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Wednesday, December 17, 2014, 10:25

Good taste can be bad for your health

By Frannie Guan

The alarming rise of obesity and diabetes among HK youth could be traced to an excessive intake of sugar and salt, reports Frannie Guan.

Good taste can be bad for your health

There’s an epidemic sweeping the globe, setting off a public health crisis right here in Hong Kong. A third of the city’s population is overweight or obese — so classified by the Department of Health’s 2012 Behavioral Risk Factor Survey. It’s an epidemic fed by addiction to manufactured stuff laced with sugar, salt and trans-fats. Some food and nutrition experts call it the deadliest addiction of all. Victims become vulnerable to diabetes, cardiovascular diseases, cancers and a plethora of other maladies.

"The obesity rate here is still quite high,” said Dr Lee Ka-fai, president of Diabetes Hong Kong. Obese people, said Lee, are at high risk for diabetes, especially of the Type 2 variety. It’s a chronic, incurable illness that may progress to blindness and kidney failure. It can lead to injuries that won’t heal but turn gangrenous. And most alarmingly, the city’s young people are getting afflicted.

Research reported by the Hong Kong Institute of Diabetes and Obesity at The Chinese University of Hong Kong in July show patients under 40 now comprise 20 percent of the city’s diabetic population. The number of early-onset patients (diagnosed before 40) is expected to double by 2030.

“Most Hong Kong people do not pay enough attention to their health and nutrition until their doctor tells them they have high blood pressure or something,” said Sylvia Lam, chairperson of the Hong Kong Dietitians’ Association. She noted that the local culture has been swept up in “fast foods”, from widely distributed Cha Chaan Teng to kiosks selling Thai, Japanese and Western convenience food.

Sasa Chan, 23, a local university student, takes pride in Hong Kong’s reputation as a sort of gastronomical Garden of Eden, where people may dine in any one of the thousands of tea houses disbursed all across the landscape. Chan’s also proud that Hong Kong, one of the world’s most cosmopolitan cities, boasts a veritable cornucopia of international cuisines.

Too sweet for comfort

According to figures published by The Centre for Food Safety under the Food and Environmental Hygiene Department in November, daily consumption of salt and sugar in Hong Kong is way above World Health Organization (WHO) recommendations.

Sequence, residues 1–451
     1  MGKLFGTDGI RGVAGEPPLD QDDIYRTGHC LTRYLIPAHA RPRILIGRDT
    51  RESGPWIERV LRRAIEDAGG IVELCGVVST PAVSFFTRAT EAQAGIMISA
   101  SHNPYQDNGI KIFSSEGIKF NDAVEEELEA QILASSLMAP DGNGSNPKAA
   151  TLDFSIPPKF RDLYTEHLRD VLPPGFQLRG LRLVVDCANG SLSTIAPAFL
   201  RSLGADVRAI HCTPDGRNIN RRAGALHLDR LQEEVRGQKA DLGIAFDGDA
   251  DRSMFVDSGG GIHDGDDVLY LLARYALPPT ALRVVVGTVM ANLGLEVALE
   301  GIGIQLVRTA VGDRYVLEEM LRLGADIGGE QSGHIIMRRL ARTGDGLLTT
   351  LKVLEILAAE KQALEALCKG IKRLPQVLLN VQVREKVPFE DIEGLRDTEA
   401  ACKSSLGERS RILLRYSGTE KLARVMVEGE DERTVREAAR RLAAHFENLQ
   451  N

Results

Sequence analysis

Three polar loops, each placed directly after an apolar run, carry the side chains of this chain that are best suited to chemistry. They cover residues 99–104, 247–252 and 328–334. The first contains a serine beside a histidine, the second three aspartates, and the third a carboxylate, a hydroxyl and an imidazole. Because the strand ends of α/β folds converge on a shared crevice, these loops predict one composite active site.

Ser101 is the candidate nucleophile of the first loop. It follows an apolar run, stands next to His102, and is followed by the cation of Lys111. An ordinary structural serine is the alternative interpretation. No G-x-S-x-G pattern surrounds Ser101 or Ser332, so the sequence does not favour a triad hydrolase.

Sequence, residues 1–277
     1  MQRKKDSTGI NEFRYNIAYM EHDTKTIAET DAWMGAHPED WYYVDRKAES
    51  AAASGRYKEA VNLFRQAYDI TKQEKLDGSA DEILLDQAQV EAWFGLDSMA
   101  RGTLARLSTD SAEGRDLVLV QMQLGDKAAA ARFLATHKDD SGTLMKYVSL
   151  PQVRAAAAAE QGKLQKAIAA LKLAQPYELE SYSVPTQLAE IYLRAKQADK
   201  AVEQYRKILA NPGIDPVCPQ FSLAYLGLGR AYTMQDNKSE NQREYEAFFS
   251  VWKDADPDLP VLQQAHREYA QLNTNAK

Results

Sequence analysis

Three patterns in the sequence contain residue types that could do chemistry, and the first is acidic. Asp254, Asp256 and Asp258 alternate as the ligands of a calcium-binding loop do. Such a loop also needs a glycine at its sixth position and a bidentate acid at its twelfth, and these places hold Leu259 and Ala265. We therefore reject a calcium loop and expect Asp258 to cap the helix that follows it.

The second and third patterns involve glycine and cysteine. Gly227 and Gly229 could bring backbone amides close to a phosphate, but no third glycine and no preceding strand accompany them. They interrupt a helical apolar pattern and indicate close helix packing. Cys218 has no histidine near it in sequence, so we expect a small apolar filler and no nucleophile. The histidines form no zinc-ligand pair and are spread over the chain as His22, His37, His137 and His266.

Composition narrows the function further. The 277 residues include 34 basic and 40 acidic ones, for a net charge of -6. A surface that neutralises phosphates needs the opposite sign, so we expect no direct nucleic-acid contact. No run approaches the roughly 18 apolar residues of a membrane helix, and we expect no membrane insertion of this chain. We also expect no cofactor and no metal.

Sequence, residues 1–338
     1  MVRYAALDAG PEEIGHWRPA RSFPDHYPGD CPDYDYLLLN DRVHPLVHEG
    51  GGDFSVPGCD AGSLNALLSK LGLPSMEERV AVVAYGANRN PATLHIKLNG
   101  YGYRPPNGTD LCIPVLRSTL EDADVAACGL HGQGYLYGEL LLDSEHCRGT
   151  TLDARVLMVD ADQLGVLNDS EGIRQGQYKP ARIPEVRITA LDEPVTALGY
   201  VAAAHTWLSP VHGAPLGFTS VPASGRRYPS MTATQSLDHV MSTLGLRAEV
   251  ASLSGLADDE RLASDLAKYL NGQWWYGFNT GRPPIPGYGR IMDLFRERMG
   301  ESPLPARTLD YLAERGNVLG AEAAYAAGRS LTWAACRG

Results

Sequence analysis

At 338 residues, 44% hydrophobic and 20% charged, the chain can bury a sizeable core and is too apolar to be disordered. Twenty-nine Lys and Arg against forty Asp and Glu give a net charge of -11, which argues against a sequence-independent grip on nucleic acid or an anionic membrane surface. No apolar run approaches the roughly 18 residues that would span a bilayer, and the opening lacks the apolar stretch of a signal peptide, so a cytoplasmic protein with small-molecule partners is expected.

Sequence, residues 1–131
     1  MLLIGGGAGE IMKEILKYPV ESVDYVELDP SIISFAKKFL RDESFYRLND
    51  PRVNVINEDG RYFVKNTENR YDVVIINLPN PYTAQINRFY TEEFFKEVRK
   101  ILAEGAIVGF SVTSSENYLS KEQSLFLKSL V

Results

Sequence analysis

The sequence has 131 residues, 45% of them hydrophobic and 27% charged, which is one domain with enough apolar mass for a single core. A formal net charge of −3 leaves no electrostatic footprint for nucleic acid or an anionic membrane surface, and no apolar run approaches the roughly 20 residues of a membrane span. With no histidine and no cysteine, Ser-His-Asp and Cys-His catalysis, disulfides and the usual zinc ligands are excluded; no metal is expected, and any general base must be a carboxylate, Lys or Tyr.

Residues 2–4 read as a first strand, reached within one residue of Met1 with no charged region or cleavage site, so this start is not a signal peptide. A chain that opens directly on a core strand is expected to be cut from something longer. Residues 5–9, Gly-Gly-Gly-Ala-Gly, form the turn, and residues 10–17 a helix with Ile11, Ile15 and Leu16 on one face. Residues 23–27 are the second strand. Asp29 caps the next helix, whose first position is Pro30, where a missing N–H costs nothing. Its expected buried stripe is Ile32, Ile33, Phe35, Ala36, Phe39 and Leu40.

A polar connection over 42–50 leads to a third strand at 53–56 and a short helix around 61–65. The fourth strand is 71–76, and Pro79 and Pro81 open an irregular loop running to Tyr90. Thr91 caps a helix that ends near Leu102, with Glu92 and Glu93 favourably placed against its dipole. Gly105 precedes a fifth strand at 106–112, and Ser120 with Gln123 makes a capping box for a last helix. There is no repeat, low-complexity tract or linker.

Ho Yuk-yin, consultant at the Centre for Food Safety, said at a press conference that the estimated daily salt intake in Hong Kong was 10 grams, double the WHO’s recommended maximum amount. Moreover, 30 percent of the population consumed more than 50 grams of sugar per day. In early 2014, WHO proposed its recommended daily level of sugar intake at 25 grams (around 6 cubes of sugar), underscoring its concern over the consumption of sweetened beverages.

Critics charge that most food addictions are by-products of carefully contrived efforts by processed food manufacturers to get consumers hooked on the sugar, salt and unhealthy fats, so that they keep coming back for more.

Vivien Tsang is only 18, but she’s been in a battle with Type 2 diabetes for four years. By the time she was diagnosed at the age of 14, the 1.6-meter-tall girl weighed 70 kilograms, with a Body Mass Index (BMI) of 27. BMI is calculated by dividing the body weight (in kg) by the square of the height (in meter). According to standards established by the WHO, Asians (men and women) whose BMI is between 23.0 and 24.9 are classified as overweight. People whose BMI is over 25.0 are considered obese.

Tsang’s parents had taken the girl’s hefty helpings of food in stride. They thought she had a “healthy appetite”. It didn’t bother them when she wolfed down a couple of large bowls of rice, with the salty, fatty foods her grandmother made. She’d finish up with a bottle of sugary orange juice. If she got hungry between meals, she filled up on bread.

A bottle of fruit juice may contain more than 20 grams of sugar. Rice and bread have high sugar content that can cause blood sugar to spike on the downhill road to obesity.

"People just don’t feel the need to change their dining habits, because they do not feel sick. They have gotten used to the taste,” said Lam. Salt is just one part of a much wider addiction. It’s the excess of sodium chloride that arouses health concerns. And sodium chloride is found in excessive amounts in instant noodles, canned foods, soy sauce, chili sauce, marinades, condiments, on top of all the salty junk foods that people have been conditioned to crave.

Lee also pointed out that people who skip breakfast are more likely to eat greasy, high-fat foods at lunch. A survey by the Food and Environmental Hygiene Department revealed in 2010 that around a third of people (32 percent) did not have breakfast every day.

Vivien Tsang always skipped breakfast before she was diagnosed with diabetes. Since her condition was discovered, her mother has been regulating Tsang’s daily food intake. Breakfast is now an integral part of her dietary regime. Greasy dishes have been replaced with food cooked in light oil. She’s nearly eliminated soy sauce and drinks only unsweetened tea. Her BMI has gone down to around 25.

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